And again, Pray you, Sir, iofe obe carp os ynu may, &c. In all which places, 'tis. obvious, a moat, or pond, is the allufion. Besides, Parolles smelling frong, as he says, of Fortune's Itrong displeasure, carries on the same image > Fer as the moats round old seats were always replenish'd with to the Clown's joke of holding nole, we may presume, pro.


Clo. Truly, Fortune's displeasure is but Nuttith, if it smell ro trongly as thou speak'it of: I will henceforth eat no fith of Fortune's butt'ring. Pr’ythee, allow the wind.

Par. Nay, you need not to stop your nose, Sir ; I {pake but by a metaphor.

Clo. Indeed, Şir, if your metaphor flink, I will stop my nose against any man's metaphor. Pry’thee, get thee further.

Par. Pray you, Sir, deliver me this paper.

Clo. Foh! pr’ythee, ftand away ; a paper from Fortune's close-ftool, to give to a nobleman ! look, here he comes himself.

Enter Lafeu. Here is a pur of Fortune's, Sir, or of Fortune's cat, (but not a musk-cat ;) that hath fall’n into the unclean fishpond of her displeasure, and as he says, is muddied withal. Pray you, Sir, use the carp as you may; for he looks like a poor, decayed, ingenious, foolith, rascally knave. (37) I do pity his distress in my fin miles of comfort, and leave him to your Lord Mhip.

Par, My Lord, I am a man whom fortune bath cruelly scratch'd.

Laf. And what would you have me to do? 'tis too late to pare her nails now.

Wherein have you play'd the knave with fortune, that she should scratch you, who of herself is a good kady, and would not have knaves thrive long under her ? there's a Quart-d'ecue for you: let the justices make you and fortune friends; I am for other business. ceeded from this becau?e la Chambre balle was always over the moat: and therefore the Clown humorously says, when Parolies is preffing him to deliver his letter to Lord Lafen. b! pr’yebee, fand away : A paper prom Fortune's clofestool, to give to a nobleman!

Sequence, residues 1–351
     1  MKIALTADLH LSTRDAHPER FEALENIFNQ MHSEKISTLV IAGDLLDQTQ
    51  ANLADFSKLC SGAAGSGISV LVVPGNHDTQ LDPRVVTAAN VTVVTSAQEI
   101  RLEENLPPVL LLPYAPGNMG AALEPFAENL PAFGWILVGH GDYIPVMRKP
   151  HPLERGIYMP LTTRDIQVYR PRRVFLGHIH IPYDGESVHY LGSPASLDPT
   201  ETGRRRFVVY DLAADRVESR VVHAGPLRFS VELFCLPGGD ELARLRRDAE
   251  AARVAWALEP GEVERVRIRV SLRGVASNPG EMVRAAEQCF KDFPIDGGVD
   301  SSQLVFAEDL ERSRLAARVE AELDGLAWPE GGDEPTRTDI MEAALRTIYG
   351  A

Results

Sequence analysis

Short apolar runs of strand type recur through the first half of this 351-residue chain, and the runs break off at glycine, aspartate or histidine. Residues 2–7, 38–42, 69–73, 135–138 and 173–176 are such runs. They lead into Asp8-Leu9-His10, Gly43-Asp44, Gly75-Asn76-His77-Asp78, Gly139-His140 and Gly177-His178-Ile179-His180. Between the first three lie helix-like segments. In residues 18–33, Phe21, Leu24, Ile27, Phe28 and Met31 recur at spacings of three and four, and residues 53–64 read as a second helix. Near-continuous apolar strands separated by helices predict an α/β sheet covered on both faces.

(37) I do piry bis difrets in my smiles of comfort, ] This very humorous passage my friend Mr. Warburtun rescued from nonsense moft happily, by the infortion of a fingle letter, in the manner I have reform's the text. These fimiles of comfort are ironically meant by the Clown; as much as to say, you may perceive, how much I think he deserves comfort, by my calling him Fortune's Cat, Carte roscally , Knave, &c.


Par. I beseech your honour, to hear' me one single word.

Laf. You beg a single penny more : comé, you shall ha't, save

Par. My name, my good Lord, is Parolles.

Laf. You beg more than one word then.. Cox' my passion! give me your hand : how does your drum?

Par. O my good Lord, you were the first that found

your word.


Laf. Was I, infooth ? and I was the first, that loft thee.

Par. It lies in you, my Lord, to bring me in some grace,


did bring me out. Laf. Out upon thee, knave! doft thou put upon me at once both the office of God and the devil: one brings thee in grace, and the other brings thee out. [Sound trumpets.] The King's coming, I know, by his trumpets. Sirrah, inquire further after me, I had talk of you laft night ; tho' you are a fool, and a knave, you , shall eat; go to, follow. Par. I praise God for you.

[Exeunt. Flourish. Enter King, Countess, Lafeu, the two French

Lords, with attendants.
King. We loft a jewel of her, (38) our esteem
Was made much poorer by it ; but your song,
As mad in folly, lack”d the sense to know
Her eftimation home.


our efteem. Was made much poorer by it : -] What's the meaning of the King's esteem being made poorer by the loss of Helen? I think, it can only be understood in one senle; and that sense won't carry water: i. e. We suffer'd in our estimation by her loss. But how so? Did the King contribute to her misfortunes ? Nothing like it. Or. did he not do all in his power to prevent them? Yes; he married Bertram to her. We mult certainly read therefore ;.

We lojt a Jewel of ber; our eftate

Was made much poorer by it: That's the certain consequence of any one's losing a jewel, for their eftate to be made proportionably. paoser according to the value of the, loss..

Mr, Warburton.